I am conflicted. I mean, I really wanted to at least not like this version. No voodoo black magic, no Brad Dourif, no potty-mouthed wise-cracking serial killer possessed doll. I already knew that going into this, mind you. But, after the first 20 minutes or so, so help me, but I found myself sucked into the story, and completely forgetting that this was a remake I was supposed to hate with every fiber of my gelatinous being.

So, here we essentially have a smartdoll whose AI chip had the safety protocols taken off by a disgruntled programmer, and the doll “learning” how to be a sociopath killer through pop culture and good old-fashioned social awkwardness. The story is nothing new or innovative–I’ve actually seen this premise as an episode of the 90s-era Outer Limits–but at least they tried something besides retreading the original movie. Sure, the doll has a modern tweak to its look, and it’s now spelled as Buddi and functions more as a glorified Alexa device, which is really more of the premise of an early 1990s syndicated sitcom. Somehow, this works as a horror movie.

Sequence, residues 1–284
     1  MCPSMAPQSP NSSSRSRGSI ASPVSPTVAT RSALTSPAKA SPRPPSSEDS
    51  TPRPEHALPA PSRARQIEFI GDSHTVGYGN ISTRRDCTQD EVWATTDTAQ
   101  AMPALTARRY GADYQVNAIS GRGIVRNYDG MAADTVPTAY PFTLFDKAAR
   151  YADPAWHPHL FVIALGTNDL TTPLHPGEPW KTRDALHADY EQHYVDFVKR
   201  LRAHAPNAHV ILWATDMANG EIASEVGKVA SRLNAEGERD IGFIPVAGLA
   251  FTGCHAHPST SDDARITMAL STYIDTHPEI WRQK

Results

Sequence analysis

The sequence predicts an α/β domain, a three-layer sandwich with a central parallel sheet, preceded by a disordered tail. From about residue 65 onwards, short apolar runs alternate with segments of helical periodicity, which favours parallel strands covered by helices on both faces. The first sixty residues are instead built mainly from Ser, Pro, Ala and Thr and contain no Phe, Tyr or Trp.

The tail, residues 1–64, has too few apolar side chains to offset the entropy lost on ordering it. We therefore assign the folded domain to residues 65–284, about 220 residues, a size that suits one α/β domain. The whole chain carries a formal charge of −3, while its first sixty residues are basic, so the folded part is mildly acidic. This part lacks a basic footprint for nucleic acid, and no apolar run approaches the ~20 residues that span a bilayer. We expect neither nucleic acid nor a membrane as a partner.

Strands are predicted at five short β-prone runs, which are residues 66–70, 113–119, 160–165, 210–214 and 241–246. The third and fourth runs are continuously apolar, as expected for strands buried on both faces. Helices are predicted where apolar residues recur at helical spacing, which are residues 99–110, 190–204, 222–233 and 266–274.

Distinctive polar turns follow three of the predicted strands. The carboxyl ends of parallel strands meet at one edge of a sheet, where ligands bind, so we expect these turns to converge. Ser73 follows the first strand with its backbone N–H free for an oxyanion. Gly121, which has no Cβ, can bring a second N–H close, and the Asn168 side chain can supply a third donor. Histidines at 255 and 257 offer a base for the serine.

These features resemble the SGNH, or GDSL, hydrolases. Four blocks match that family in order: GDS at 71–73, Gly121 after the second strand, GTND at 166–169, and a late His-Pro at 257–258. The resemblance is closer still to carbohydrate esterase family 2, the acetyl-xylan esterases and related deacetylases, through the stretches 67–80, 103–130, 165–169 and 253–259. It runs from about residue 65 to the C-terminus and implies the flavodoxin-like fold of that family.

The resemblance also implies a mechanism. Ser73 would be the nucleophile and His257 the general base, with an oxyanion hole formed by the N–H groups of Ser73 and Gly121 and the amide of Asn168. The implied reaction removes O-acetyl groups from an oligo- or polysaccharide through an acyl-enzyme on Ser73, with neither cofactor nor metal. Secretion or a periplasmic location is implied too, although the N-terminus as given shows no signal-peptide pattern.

While he’ll never replace Brad Dourif as the iconic voice of Chucky, Mark Hamill manages to make his take both playful and utterly creepy at the same time. Very effective, there–especially when you get to the full Buddi Song that plays over the end credits. All of the actors keep things interesting, as the actors doing really good jobs with the characters; I especially dug on seeing Aubrey Plaza here as the mother, as I was a fan of her work in the series Legion.

Overall, there was no reason for me to enjoy this new take on Child’s Play as much as I ended up doing. But, here we are, with me actually liking this movie, and recommending you to do so yourself.